EDWARD A. WELCH, M.D., of Pottstown, Pa. AMAND N. RAVOLD, M.D., of St. Louis.

William H. WELCH, M.D., of Baltimore. THADDEUS E. REAMY, M.D., of Cincinnati, O. MARIE B. WERNER, M.D., of Philadelphia. John Ridlon. M.D., of New York.

GEORGE D. WESTON, M.D., of Fort Payne, Ala. L. T RIESMEYER, M.D., of St. Louis, Mo.

ROYAL WHITMAN, M.D, of New York. HENRY A. Riley, Esq., of New York.

W. J. WILBERT, Ph.G., of Philadelphia. John B. ROBERTS, M.D., of Philadelphia,

BURT G. WilDER, M.D., of Ithaca, N. Y. JOHN RODMAN, M.D., of Abilene, Texas.

DEFOREST WILLARD, M.D., Ph.D., of Philadelphia. GEORGE G. Ross, M D., of Philadelphia.

J. W. WILLIAMS, A.M., M.D., of Paterson, N. J. Julius L. SALINGER, M D., of Philadelphia. A. W. WILMARTH, M.D., of Elwyn, Pa. AMOS SAWYER, M.D., of Hillsboro, Ill.

W'm. E. WIRT, M.D., of Cleveland, Ohio. REGINALD H. SAYRE, M.D., of New York.

G. A. WRIGHT, B.A., M.B. Oxon., F.R.C.S., of G. E. DE SCHWEINEZ, M.D., of Philadelphia,

Manchester, Eng. HENRY SEWELL, M.D., Ph.D., of Denver, Col. H. V. WURDEMANN, M.D, of Milwaukee, Wis. CASPER W. SHARPLES, M.D., of Seattle, Wash. JAMES K. YOUNG, M.D., of Philadelphia. Edwin B Shaw, V.D., of (age City, Kansis.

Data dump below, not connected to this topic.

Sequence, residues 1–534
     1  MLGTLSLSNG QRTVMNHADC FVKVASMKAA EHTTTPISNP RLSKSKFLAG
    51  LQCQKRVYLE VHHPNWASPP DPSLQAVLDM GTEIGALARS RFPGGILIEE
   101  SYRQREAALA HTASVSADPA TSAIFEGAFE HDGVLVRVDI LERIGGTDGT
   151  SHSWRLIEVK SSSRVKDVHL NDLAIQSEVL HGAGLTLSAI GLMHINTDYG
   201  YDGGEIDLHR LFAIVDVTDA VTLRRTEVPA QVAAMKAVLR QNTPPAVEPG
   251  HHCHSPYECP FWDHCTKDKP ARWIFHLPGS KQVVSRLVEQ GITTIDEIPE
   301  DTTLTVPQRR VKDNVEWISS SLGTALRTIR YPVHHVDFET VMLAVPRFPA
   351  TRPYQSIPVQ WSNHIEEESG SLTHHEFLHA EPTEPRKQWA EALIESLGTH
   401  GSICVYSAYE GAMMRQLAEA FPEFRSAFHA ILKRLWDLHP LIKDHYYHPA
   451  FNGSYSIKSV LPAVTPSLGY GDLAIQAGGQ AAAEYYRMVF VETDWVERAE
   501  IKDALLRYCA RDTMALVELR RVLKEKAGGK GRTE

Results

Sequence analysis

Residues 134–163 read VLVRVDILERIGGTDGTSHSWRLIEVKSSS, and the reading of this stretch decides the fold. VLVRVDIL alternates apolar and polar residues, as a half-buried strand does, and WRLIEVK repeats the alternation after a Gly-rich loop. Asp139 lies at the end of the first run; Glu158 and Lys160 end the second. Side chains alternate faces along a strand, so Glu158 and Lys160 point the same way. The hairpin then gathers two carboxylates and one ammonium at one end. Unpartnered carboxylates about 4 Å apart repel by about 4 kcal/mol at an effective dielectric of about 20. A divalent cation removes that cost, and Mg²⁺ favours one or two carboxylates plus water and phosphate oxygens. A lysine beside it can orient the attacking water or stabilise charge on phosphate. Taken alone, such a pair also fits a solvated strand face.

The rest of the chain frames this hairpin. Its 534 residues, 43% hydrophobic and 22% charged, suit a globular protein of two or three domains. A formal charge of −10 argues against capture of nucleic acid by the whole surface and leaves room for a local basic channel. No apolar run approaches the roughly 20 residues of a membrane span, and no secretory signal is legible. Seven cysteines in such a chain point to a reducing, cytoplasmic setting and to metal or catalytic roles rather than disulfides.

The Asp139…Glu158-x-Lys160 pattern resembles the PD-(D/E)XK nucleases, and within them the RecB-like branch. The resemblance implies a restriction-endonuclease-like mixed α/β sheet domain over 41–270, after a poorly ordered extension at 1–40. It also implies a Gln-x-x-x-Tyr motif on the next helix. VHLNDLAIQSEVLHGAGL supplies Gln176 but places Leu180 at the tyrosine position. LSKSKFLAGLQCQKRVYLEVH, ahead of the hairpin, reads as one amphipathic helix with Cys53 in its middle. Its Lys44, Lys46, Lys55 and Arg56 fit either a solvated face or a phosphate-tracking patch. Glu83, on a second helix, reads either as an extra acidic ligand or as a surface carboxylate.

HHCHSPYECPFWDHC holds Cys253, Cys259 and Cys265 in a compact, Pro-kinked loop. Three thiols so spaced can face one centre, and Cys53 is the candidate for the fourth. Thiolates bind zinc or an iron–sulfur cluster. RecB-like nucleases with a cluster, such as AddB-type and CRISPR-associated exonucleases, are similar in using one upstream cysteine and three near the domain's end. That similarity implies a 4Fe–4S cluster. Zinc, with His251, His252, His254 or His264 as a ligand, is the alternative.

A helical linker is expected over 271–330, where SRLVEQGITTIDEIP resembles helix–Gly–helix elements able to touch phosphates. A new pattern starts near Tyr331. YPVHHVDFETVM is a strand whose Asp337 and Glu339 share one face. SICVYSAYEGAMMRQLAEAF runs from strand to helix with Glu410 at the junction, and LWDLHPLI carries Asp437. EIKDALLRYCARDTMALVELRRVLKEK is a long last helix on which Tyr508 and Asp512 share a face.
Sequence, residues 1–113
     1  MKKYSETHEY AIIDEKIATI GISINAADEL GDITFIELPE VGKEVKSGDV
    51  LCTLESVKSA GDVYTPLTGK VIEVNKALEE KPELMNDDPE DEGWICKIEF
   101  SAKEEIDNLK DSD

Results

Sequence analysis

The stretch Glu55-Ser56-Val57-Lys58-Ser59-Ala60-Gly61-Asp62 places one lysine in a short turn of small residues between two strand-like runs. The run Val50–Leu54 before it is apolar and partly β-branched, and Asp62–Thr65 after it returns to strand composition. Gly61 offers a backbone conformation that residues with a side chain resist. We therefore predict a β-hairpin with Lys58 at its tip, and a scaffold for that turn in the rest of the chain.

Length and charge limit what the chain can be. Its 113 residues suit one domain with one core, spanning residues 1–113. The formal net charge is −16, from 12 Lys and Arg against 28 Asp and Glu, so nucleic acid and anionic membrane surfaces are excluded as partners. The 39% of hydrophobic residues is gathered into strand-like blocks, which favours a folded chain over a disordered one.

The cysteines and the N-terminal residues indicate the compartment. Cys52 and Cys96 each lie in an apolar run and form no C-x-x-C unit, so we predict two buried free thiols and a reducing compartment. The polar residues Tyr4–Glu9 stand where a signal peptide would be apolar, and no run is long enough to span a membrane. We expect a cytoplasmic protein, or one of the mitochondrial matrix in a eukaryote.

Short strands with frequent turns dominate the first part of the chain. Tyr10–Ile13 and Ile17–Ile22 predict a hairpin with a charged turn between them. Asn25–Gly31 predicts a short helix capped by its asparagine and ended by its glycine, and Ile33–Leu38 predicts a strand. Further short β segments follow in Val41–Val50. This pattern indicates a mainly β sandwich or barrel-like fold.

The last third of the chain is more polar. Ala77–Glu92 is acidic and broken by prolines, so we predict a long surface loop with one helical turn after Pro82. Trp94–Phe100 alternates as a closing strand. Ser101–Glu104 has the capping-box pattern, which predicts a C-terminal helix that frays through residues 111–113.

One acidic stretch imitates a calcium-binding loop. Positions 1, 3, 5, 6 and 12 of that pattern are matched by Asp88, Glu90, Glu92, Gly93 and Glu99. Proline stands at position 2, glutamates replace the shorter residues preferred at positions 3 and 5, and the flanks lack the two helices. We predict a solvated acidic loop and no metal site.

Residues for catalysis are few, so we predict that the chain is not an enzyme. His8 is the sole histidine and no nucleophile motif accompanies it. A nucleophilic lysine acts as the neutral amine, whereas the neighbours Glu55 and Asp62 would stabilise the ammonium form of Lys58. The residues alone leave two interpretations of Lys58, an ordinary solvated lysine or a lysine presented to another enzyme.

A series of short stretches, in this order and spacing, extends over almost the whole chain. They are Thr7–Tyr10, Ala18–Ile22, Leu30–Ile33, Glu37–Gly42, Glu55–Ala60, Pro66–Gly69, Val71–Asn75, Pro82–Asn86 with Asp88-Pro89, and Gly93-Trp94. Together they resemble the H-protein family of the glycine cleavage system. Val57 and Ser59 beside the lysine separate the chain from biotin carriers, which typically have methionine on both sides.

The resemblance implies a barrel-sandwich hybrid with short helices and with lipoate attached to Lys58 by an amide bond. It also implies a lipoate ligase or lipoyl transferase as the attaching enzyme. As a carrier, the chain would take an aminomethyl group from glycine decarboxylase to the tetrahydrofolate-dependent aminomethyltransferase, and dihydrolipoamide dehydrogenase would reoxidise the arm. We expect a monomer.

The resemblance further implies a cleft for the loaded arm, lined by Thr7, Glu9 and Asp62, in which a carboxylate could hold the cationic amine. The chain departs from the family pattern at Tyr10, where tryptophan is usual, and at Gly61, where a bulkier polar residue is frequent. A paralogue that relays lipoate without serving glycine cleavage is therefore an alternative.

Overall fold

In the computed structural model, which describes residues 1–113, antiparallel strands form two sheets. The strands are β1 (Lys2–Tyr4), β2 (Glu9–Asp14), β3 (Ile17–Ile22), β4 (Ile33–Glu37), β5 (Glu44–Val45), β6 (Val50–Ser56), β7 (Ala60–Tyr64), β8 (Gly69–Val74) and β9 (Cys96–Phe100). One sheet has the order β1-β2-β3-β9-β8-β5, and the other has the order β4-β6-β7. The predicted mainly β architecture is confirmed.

A WEEKLY JOURNAL OF MEDICAL SCIENCE.

Vol. LIX.

SATURDAY, JULY 4, 1891.

No. 1.

PROFESSOR OF NERVOUS AND MENTAL DISEASES IN THE WESTERN

ship. This association is so quaintly described by ORIGINAL ARTICLES.

that inimitable writer, Sydney Smith, that I shall GASTRO-INTESTINALAND HEPATIC DISORDERS, crave your indulgence for a few moments while I ESPECIALLY CHRONIC GASTRO-INTESTINAL

include a short quotation. He says: CATARRH, IN RELATION TO THE ETIOLOGY OF SOME CASES OF INSANITY."

“Happiness is not impossible without health, but it is

of very difficult attainment. I do not mean by health BY SAMUEL AYRES, M.D.,

merely an absence of dangerous complaints, but that

the body should be in perfect tune, full of vigor and PENNSYLVANIA MEDICAL COLLEGE, PITTSBURG, PA,

alacrity. The longer I live the more I am convinced

that the apothecary is of more importance than Seneca, I think it is generally admitted by those who and that half the unhappiness in the world proceeds from have given the subject much thought that in many ing in the wrong place, from a vexed duodenum, or an